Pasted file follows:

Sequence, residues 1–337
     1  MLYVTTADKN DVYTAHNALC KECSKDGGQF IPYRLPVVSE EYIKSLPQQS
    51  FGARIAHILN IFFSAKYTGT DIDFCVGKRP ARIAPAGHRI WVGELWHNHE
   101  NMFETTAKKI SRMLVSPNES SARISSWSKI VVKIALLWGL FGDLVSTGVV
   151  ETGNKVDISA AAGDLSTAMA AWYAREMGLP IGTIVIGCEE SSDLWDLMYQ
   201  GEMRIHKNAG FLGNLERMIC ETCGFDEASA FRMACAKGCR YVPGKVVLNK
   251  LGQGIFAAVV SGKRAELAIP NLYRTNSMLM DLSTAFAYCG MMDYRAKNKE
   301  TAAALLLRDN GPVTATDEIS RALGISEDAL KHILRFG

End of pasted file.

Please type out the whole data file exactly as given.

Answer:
Sequence, residues 1–337
     1  MLYVTTADKN DVYTAHNALC KECSKDGGQF IPYRLPVVSE EYIKSLPQQS
    51  FGARIAHILN IFFSAKYTGT DIDFCVGKRP ARIAPAGHRI WVGELWHNHE
   101  NMFETTAKKI SRMLVSPNES SARISSWSKI VVKIALLWGL FGDLVSTGVV
   151  ETGNKVDISA AAGDLSTAMA AWYAREMGLP IGTIVIGCEE SSDLWDLMYQ
   201  GEMRIHKNAG FLGNLERMIC ETCGFDEASA FRMACAKGCR YVPGKVVLNK
   251  LGQGIFAAVV SGKRAELAIP NLYRTNSMLM DLSTAFAYCG MMDYRAKNKE
   301  TAAALLLRDN GPVTATDEIS RALGISEDAL KHILRFG